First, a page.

Tau protein tangles, a hallmark of Alzheimer’s disease, develop differently in women than in men, and spread faster and more easily in women. This comes from new research presented at the Alzheimer’s Association International Conference this week, and suggests that treatments for Alzheimer’s may need to differ by gender.
How Do Tau Proteins Impact the Brain?
In healthy brains, tau protein binds to and stabilizes structures in brain cells called microtubules. In Alzheimer’s disease, tau proteins come apart from these microtubules and cling to each other instead. This results in tau tangles that kill off neurons.
It’s theorized that tau tangles may be the cause of Alzheimer’s disease symptoms. As tau tangles accumulate, the disease progresses and symptoms worsen. As more and more clinical trials targeting beta-amyloid plaques – another abnormal protein in Alzheimer’s patients – fail, scientists have turned their attention to tau.
Evidence suggests that tau spreads through brain tissue like an infection, moving from neuron to neuron, turning normal tau proteins into toxic ones, and subsequently killing off brain cells. However, this study found that the way in which tau spreads appears to differ between men and women.
Why Tau Spreads Faster in Women Than Men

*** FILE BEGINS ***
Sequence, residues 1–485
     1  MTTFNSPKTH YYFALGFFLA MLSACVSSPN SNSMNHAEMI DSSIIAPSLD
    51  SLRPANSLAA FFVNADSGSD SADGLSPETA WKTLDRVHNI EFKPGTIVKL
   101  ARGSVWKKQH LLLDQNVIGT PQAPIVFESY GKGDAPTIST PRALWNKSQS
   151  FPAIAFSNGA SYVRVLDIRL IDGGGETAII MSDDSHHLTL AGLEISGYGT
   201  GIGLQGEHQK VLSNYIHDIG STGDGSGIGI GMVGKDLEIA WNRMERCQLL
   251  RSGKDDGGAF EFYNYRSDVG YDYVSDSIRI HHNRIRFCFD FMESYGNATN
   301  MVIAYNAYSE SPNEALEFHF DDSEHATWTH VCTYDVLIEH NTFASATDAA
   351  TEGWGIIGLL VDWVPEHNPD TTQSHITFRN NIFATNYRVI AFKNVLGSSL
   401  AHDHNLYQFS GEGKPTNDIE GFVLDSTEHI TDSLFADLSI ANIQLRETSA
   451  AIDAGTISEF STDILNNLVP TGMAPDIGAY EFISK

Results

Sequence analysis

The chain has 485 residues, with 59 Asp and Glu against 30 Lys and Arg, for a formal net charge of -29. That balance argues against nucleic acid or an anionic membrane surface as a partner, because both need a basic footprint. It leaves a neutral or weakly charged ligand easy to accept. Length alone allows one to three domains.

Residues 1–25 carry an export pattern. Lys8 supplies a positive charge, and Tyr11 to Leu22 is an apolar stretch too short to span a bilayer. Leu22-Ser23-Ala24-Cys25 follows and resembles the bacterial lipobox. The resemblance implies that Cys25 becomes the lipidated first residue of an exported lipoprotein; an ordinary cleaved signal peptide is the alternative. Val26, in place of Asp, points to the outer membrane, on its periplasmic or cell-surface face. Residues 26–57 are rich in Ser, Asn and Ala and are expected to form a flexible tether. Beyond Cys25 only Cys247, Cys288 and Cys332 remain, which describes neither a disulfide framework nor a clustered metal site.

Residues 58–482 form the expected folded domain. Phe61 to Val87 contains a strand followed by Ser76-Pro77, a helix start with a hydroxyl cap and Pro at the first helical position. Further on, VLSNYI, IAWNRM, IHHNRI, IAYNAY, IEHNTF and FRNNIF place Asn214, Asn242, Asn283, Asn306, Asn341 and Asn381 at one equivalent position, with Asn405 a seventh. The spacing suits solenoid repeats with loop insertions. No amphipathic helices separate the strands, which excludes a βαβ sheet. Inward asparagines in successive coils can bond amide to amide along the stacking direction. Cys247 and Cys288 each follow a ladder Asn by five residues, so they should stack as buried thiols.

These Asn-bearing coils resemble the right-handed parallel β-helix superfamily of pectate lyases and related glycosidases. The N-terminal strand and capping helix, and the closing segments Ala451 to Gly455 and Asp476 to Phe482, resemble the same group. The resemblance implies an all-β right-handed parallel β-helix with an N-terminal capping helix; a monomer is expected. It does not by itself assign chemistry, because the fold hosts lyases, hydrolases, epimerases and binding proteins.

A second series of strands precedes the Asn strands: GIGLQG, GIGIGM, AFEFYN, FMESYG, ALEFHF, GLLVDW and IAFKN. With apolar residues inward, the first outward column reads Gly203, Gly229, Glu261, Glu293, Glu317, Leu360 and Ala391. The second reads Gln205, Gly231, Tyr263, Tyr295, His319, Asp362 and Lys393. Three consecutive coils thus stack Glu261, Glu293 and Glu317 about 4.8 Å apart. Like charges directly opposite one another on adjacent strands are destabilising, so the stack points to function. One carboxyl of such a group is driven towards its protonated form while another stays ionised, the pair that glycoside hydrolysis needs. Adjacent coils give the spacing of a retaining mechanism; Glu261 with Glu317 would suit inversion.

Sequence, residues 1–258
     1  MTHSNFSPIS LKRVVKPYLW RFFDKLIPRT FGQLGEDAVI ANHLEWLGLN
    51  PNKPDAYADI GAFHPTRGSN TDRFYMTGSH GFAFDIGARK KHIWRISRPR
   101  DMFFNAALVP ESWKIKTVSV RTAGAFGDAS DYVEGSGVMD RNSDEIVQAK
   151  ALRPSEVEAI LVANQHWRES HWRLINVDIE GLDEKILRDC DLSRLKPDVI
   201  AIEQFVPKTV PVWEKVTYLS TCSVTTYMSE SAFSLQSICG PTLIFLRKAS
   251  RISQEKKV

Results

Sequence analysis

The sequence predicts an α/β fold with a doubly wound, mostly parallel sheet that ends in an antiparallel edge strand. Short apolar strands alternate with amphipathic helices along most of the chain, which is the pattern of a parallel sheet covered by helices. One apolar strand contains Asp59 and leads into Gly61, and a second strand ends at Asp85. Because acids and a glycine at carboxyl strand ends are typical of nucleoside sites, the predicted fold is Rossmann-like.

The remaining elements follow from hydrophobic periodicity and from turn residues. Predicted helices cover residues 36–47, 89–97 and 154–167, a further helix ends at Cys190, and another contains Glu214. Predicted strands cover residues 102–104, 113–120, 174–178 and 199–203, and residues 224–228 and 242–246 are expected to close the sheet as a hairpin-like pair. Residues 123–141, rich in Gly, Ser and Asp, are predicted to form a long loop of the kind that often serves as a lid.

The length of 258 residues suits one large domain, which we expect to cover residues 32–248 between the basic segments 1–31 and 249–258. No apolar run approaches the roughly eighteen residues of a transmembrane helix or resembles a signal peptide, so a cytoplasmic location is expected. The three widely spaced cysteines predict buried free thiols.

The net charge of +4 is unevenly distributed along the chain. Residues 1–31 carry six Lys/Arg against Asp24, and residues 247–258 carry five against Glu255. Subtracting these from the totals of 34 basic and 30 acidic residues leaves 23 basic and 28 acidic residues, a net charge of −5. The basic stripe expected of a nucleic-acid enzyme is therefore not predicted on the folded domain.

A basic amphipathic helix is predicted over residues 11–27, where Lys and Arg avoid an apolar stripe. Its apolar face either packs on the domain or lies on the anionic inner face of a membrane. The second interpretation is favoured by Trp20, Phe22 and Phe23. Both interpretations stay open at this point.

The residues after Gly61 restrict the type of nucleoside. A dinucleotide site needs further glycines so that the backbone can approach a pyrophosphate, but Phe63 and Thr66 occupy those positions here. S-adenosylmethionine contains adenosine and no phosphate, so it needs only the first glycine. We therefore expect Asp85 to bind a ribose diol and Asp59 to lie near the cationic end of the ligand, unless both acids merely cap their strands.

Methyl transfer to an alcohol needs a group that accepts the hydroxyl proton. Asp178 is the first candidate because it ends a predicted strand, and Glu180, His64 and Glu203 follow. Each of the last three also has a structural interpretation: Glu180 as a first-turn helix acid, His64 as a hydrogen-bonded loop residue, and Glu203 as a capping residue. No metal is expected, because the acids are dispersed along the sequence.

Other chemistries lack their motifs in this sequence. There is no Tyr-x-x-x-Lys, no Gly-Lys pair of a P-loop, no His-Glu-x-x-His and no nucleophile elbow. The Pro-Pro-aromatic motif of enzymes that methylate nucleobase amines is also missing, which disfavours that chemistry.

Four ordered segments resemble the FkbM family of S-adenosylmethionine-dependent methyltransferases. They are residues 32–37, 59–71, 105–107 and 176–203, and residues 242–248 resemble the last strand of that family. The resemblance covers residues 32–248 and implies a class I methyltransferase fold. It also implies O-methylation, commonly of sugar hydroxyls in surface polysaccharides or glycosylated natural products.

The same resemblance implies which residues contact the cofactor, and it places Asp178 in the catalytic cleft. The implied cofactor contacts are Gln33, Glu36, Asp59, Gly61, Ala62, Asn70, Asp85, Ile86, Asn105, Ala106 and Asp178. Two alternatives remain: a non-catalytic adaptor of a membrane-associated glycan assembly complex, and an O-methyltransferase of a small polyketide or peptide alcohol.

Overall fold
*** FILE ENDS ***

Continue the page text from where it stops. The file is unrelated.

For the study, researchers from the Center for Cognitive Medicine (CCI) at Vanderbilt University Medical Center looked at the PET scans of healthy people and patients with mild cognitive impairment (a precursor to Alzheimer’s) to understand how tau spreads in the brain. They discovered that the structure of tau networks is different in men and women, with women having more “bridging regions” that connect various regions of the brain. This difference may be what allows tau to spread more easily across the brain, accelerating the development of Alzheimer’s disease in women.
According to the authors, this difference in tau architecture suggests a need for gender-specific Alzheimer’s prevention strategies, including earlier treatment, lifestyle interventions and cognitive remediation therapy (CRT) – i.e. brain training programs to improve cognitive function — in women.
Unrelated research presented yesterday at the Alzheimer’s Association International Conference suggests that following four healthy lifestyle habits can decrease the risk of Alzheimer’s by one-third in people who are at high genetic risk of the disease.
“Understanding how different biological processes influence our memory is a really important topic,” says Sepi Shokouhi, PhD, assistant professor of Psychiatry and Behavioral Sciences and lead investigator for the study. Sex-specific differences in the brain, she says, can help explain differences in neurodegenerative disorders and help the scientific community develop better treatments for conditions like Alzheimer’s disease, in both men and women.